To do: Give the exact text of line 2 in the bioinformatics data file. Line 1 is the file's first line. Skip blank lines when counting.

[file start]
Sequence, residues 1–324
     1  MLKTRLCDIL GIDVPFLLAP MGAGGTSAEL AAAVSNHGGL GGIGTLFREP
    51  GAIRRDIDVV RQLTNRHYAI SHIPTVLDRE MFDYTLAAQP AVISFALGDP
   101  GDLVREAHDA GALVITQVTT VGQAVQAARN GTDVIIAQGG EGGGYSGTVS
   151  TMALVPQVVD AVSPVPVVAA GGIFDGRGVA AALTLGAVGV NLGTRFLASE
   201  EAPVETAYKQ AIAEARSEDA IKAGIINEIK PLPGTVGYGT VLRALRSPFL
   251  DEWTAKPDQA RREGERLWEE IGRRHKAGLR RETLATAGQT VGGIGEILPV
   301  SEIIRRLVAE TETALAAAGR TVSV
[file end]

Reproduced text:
     1  MLKTRLCDIL GIDVPFLLAP MGAGGTSAEL AAAVSNHGGL GGIGTLFREP